Shivered – Claudia Barrie and the industrial shrug (Theatre review)
Mad March Hare Theatre Company
Theatre isn’t real, at least it isn’t as real as real life is real. One of my favourite things about theatre (besides the unsettling intimacy which overwhelms in deliciously small spaces) is the transgressive act of performance. Real people pretending, without shame, in front of you, as if betraying the secret that we all perform for each other. The performance is reflected in me, and I in it and back and forth. It never ceases to shock me, and always excites me. So when theatre reflects what I don’t see, yet know to exist, there is a strange rational terror that takes place inside. This is the experience of watching Shivered, the current production by the wonderful Mad March Hare Theatre company currently showing at the PACT theater. Shivered isn’t surreal, but it heightens a world of response to stimuli that exists at our intuitive peripheral vision. Shivered is performed backwards through time. It is filled with violence in response to violence in the world. It is set in a decaying industrial scape that acts as both a hyper real talisman and scary structural cage for the towns psyche. It is a wild world of colour boxed into a white on white carton that confronts with a clarity no intellectual observation or critical blandness can contain. Shivered shocks.
Shivered is the story of real violence in its many incarnations being reflected back on suburbia in a variety of ways; You tube footage of war atrocities, use and abuse of the disabled, gossip, anger, and the death of industry. Sometimes the violence is off stage and pointing to real violence, and other times it is on simulated on stage, pointing towards its mirror of the real. For every vicious and cruel act perpetrated on a human, there is a dousing of fresh colour over the white washed walls. Real colour. Not blood, red. Not trees and money, green. Not sky and water, blue. In Ben Brockman’s brilliantly lit set, one cannot say that colour simply exists, but rather that in observing something coloured a whole series of perceptions arise which metamorphose into one another. A green after-image arises from red, or vice versa: a red after image from green. Everything is duplicating, distorting and re-imagining everything else, and at the heart of our peripheral knowing is the absorption and appropriation of violent behaviour and a cruelty to others.
While the hastily daubed and slap-dash appearance of the walls of the abandoned industrial space in which the action takes place might point toward the decay of all around it, the play explicitly and paradoxically refuses the blocks of colour imposed upon it through its insistence on decay, and yet the colour exists over the production, signposting the cohesion of narratives as well as a burgeoning desire beyond the simulated falsities of human development. If there is a missing component among the characters of Shivered, it is their ability to cope when the world becomes tragic, a strange problem given we know the world to be devoid of any compulsion toward individual happiness. We are tapped, caught, finally by colour, with our ability to self express stuck in Joyce’s melmelode jawr.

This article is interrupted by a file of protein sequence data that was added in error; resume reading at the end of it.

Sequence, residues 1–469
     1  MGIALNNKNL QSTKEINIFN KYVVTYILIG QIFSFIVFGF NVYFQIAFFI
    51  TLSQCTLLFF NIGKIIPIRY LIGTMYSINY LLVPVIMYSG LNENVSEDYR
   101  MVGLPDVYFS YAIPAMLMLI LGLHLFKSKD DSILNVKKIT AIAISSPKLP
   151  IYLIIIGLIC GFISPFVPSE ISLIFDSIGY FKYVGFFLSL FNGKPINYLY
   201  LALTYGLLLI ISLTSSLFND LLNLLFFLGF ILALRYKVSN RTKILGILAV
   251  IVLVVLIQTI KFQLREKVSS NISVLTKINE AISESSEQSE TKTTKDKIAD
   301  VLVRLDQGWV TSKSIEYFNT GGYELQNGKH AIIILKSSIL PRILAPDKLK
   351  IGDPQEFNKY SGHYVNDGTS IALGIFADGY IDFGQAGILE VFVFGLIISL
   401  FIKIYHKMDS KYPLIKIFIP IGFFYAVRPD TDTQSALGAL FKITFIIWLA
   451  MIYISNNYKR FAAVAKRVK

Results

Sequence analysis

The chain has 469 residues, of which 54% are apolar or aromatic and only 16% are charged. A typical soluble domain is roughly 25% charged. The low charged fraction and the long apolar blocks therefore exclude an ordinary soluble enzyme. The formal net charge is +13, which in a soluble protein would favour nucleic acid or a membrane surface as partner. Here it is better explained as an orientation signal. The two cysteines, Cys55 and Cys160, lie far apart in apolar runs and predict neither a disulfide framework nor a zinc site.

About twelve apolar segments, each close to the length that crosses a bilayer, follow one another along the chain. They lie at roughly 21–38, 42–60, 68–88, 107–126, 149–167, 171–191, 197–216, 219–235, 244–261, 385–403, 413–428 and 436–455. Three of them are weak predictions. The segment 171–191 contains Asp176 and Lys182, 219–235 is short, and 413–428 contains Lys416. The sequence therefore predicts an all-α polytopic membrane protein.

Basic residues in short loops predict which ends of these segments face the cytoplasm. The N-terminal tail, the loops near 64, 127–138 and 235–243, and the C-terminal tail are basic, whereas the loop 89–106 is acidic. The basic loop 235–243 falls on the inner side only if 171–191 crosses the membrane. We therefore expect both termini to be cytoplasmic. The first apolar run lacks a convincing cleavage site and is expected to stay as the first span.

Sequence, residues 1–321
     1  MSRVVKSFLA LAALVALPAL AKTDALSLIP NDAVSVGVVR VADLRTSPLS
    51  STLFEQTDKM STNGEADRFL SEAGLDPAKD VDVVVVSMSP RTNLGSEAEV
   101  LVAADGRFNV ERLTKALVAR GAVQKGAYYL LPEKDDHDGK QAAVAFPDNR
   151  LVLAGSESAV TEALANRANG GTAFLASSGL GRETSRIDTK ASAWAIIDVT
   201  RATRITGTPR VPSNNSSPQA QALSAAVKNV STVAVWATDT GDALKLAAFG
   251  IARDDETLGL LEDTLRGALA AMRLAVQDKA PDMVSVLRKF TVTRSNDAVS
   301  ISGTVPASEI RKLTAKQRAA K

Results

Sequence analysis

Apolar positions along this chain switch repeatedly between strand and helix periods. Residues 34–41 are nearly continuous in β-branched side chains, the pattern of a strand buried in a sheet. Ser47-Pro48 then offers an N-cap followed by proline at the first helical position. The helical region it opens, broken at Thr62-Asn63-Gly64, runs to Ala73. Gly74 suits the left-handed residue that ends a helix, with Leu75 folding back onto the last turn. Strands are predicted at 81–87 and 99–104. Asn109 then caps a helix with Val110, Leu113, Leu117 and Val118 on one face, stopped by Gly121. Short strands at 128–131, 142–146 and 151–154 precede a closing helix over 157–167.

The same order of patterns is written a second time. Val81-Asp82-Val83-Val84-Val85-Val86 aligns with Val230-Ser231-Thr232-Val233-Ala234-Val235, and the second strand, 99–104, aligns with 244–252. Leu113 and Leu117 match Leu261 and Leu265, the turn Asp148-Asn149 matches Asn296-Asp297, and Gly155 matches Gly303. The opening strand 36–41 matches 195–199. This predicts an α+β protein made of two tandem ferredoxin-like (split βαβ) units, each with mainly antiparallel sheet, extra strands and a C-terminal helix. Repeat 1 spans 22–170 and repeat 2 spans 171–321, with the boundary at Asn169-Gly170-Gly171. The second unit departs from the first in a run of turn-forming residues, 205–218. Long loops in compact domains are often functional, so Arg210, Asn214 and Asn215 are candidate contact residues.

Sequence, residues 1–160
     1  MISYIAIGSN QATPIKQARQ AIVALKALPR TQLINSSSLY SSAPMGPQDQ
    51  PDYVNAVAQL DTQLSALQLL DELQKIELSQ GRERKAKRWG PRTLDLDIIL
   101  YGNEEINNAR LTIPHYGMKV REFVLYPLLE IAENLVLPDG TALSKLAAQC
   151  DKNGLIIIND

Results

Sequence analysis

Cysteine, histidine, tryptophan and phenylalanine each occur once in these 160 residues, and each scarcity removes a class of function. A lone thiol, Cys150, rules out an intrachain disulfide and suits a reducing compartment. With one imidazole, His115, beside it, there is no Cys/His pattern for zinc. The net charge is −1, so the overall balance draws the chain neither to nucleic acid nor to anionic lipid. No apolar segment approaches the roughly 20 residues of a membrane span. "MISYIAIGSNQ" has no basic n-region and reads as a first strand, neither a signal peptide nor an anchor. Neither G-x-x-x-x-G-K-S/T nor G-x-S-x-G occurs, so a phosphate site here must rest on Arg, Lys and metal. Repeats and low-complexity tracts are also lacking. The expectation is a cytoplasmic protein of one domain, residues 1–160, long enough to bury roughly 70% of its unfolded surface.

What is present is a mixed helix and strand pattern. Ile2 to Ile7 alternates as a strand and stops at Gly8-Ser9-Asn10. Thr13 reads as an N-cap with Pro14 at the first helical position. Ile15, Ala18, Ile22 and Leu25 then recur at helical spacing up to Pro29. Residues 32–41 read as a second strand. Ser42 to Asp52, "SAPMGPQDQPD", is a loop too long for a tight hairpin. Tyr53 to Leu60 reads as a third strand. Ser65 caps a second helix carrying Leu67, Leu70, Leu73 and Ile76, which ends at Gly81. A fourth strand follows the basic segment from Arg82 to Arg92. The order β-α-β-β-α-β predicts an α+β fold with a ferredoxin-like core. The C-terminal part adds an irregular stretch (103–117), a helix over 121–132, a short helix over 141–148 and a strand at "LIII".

Shivered then, becomes one of those knotty theatrical experiences, I suspect reaching far beyond Philip Ridley’s vision through Claudia Barrie’s direction. While Ridley speaks about love, community and strength, they are shrouded in deception and the terrible damage we do to each other without knowing what pain we have inflicted. However, under Barrie’s direction, these ideas move into exaggerated proportions so that an acute sense of pain is expanded into the realms of human interactive love. No one is left untouched by the happenings on stage as structure, lighting and sound carry a profundity that extends far beyond the plays words.
Sound design is constructed by Jed Silver and production (set and lights) by Ben Brockman who exceeds even his own consistently reliable excellence with an imaginative approach that powerfully enhances the narrative trajectory of Ridley’s play. The set and its accoutrements provide some logistical challenges for the cast wich Barrie wisely faces and meets, refusing to compromise on the powerful vision for the sake of convenience. The audience sit around the raised, boxed set, at times as if we were watching a television, at others as if we were inside the box itself. It’s an enormously successful result that makes for thrilling theatre.
The cast is all strong, well-directed by Barrie and beautifully accent prepared by Emma Louise. Shivered can be an abstract vehicle, but the cast stay strong in their complicated roles, holding the audience awestruck until the last, tell-tale seconds of the play. Libby Flemming, Josh Anderson, Rhonda Doyl, Andrew Johnston, Brendan Miles, Liam Nunan and Joseph Del Re all equally carry the weight of the play representing the script with fidelity and passion for its message. Josh Anderson and Liam Nunan are particularly strong as young boys, friends who become enemies.
Shivered is a great play, and a fantastic addition to the 2015 season. It’s not a night for the squeamish as it deals graphically with upsetting themes, but it is equally not a show to be missed for its superb sound and production work and excellent direction by Claudia Barrie.